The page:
Regulation Killed the Lemonade Stand

Lemonade Stand signVideo may have killed the radio star but regulation killed the dreams of four teenage entrepreneurs. In this case, it wasn’t a lemonade stand. These four thirteen-year old boys …

set up a cupcake stand. Their dream? To make enough profit to open a full-fledged restaurant someday.

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They chose a park, and set up shop on a Saturday, because they knew a lot of people would be there. Location, location, location – these young entrepreneurs got the message.

Their first day in business, they made more than they could have ever expected selling their tasty morsels – cupcakes, cookies, brownies and Rice Krispie treats for $1 a piece.

They netted $120 that day.

The boys quickly reinvested their profit, buying a shopping cart for $60 so they could transport more of their inventory to the site.

The next Saturday, they set up shop again, adding Gatorade and water to their mix. In the first hour alone, they cleared $30. They were thrilled …

… until the police arrived. They were nice to the boys, but they shut them down because the boys were operating without a license.  The police had received a call from one of the city’s councilpersons, who had been in the park and witnessed the boys selling their wares.

Government wins, entrepreneurs lose
The boys would have needed $1,000,000 in insurance and would have had to pay a fee of $150 – $350 for every two hours they wanted to be open for business.

Think about it: The boys were thrilled to clear $30 in their first hour on that second Saturday. The local government would have required $75 for that hour. So the entrepreneurs lose $45.

What’s the lesson? It’s better to be the government than to be the entrepreneur!

Yet it’s the entrepreneurs who take the risk. We need government officials who understand the risk / reward trade-off and partner with entrepreneurs accordingly. 

A threat to “real” business people
It’s true that other food vendors had to pay these costs. But c’mon … are four kids making $120 on a Saturday really a threat to a “full-fledged” business person? If so, it may be time to consider a new line of work!

Real leaders don’t blow up situations
Upon reflection, the councilman said he probably could have handled it better. But he didn’t know if he had the authority. He said the police are trained to handle this sort of thing.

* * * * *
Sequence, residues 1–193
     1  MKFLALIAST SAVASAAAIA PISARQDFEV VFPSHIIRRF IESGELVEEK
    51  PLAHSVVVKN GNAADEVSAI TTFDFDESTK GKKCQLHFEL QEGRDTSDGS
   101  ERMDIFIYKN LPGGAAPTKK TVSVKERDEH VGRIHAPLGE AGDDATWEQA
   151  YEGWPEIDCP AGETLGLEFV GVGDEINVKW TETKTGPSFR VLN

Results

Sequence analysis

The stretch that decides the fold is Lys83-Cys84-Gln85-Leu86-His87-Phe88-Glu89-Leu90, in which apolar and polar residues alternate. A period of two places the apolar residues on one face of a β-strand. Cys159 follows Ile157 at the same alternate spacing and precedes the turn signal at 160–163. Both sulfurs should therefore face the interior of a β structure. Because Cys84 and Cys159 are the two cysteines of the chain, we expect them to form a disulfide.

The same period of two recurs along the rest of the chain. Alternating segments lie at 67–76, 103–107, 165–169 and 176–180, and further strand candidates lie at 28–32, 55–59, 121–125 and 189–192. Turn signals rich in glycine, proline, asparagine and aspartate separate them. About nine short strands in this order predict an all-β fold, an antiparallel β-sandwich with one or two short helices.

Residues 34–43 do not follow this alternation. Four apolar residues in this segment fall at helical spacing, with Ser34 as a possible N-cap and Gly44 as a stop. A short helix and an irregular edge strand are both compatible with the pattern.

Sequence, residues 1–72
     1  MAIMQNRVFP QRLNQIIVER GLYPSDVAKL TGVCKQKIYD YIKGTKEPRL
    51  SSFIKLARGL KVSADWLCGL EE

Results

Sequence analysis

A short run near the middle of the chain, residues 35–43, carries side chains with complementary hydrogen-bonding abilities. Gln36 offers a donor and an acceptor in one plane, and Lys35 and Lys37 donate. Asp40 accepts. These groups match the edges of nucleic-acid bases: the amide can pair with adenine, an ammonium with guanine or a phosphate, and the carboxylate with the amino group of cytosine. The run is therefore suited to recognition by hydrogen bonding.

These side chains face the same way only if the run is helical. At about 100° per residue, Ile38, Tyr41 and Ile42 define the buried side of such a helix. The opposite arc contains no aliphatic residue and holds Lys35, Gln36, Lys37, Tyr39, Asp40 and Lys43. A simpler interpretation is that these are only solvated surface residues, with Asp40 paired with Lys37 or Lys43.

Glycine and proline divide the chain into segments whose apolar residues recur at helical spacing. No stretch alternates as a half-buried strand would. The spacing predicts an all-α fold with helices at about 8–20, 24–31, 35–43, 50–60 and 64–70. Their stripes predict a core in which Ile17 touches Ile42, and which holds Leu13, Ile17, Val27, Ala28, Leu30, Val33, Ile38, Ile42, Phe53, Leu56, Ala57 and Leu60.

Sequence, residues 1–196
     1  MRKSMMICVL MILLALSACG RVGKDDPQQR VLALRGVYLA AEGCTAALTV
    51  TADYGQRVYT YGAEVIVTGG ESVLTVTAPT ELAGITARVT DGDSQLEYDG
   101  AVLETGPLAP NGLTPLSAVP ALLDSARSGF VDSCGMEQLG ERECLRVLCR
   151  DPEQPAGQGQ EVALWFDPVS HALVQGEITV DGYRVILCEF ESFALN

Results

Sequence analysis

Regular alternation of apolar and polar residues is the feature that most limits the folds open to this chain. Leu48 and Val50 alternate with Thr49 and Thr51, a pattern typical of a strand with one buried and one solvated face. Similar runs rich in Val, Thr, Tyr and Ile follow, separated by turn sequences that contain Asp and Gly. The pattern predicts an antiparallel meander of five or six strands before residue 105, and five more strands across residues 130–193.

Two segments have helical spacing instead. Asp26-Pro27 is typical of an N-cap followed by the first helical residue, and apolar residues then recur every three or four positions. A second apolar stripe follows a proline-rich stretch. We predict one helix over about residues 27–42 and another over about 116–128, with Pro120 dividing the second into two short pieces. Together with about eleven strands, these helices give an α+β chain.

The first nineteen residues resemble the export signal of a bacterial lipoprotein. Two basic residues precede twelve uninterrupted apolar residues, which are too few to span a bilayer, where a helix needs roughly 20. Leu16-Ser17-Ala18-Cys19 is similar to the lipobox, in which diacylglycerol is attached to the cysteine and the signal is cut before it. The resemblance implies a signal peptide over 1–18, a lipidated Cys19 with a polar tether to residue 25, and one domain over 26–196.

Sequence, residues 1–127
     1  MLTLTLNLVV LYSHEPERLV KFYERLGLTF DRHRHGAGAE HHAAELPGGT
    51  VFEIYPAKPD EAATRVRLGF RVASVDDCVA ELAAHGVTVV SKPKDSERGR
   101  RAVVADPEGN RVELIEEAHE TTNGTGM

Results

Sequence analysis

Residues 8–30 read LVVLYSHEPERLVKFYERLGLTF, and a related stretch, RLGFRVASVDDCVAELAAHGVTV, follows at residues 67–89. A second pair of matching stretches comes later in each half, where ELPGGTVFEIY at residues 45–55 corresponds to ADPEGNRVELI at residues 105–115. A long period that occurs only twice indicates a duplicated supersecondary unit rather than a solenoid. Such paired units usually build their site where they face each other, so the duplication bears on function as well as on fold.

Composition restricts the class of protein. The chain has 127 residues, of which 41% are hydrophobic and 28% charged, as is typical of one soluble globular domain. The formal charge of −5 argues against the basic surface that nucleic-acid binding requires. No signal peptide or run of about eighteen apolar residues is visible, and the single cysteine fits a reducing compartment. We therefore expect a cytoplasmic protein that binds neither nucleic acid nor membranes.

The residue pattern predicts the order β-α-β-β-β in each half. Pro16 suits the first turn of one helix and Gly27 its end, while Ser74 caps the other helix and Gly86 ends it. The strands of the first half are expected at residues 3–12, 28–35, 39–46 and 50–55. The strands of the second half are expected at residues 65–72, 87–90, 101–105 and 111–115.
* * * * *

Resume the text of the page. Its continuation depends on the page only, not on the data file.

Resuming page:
Do you need “authority” to talk to thirteen-year old boys who have never ever been called to the principal’s office? One of the boys cried all the way home, according to his mother. He’s afraid that he will have a record. He’s afraid this will affect his future.

It’s that instinct to call the police that should be questioned. Where are the real leaders today? Real leaders solve minor problems. They don’t blow them up into major ordeals.

From regulation to shrugging
In the end, the councilman was right – the boys did need a permit to sell. We also assume they may have been violating the health codes since it’s doubtful that they were manufacturing their product in a commercial kitchen.

We hear politicians talking the talk about the importance of entrepreneurs because they create most of the jobs in our society. Talk isn’t cheap; it’s costly. Because if all you ever do, Mr. or Ms. Government Official, we respond accordingly:

We hunker down. We don’t invest. We don’t hire. We go on strike. We shrug.

Fostering entrepreneurship
Entrepreneurship is part science and part art. The science we can teach. The art has to be learned.

So how do we foster entrepreneurship in kids this age?
How many of today’s successful entrepreneurs had a lemonade stand or some similar business when they were kids?
How many of them couldn’t do it today because of regulation?
How many future entrepreneurs – future job creators – are we losing because of regulation?

Why not waive the fees altogether on one Saturday a month? Get more kids involved, setting up shop in the park, dipping their toes in the entrepreneurial waters.

Or what if kids under the age of 18 – or 16 – paid a nominal fee like $5? Keep the cost in line with the profit expectations of these young entrepreneur gonna-bes.

These are just a couple of our thoughts. What are yours?

Direct link to The Bigg Success Show audio file | podcast:
http://traffic.libsyn.com/biggsuccess/00646-111610.mp3

(Image in today's post from Flickr)

5 replies
  1. Amy LeForge
    Amy LeForge says:

    What a great idea! In Michigan there’s a “bake sale” law that allows groups to sell food without being subject to the normal licensing and fees. 4H groups helped get it passed in the ’70s and it’s pretty helpful.

    Reply
  2. Alice Flanders
    Alice Flanders says:

    I think a junior or practice license would be great. It could also be used to encourage people to learn what laws they need to obey. Perhaps it could come with a booklet on what rules entrepreneurs have to follow and suggestions on where to get advice.

    Reply
  3. Carissa
    Carissa says:

    QUOTE: “Entrepreneurship is part science and part art. The science we can teach. The art has to be learned.”

    Amen. Great story here, so many schools can’t allow any homemade goodies brought in any longer. What does that tell the kids?

    (and happy you used my little photo!) :)

    Reply
    • aGeorge & Mary-Lynn
      aGeorge & Mary-Lynn says:

      Carissa, so nice to hear from the image photographer! Your photo was perfect for this story. As for your comment about goodies at school (or at cupcake stands), regulation should not choke innovation. We have to find that nice balance again. Thanks so much for sharing your thoughts with us.

      Reply

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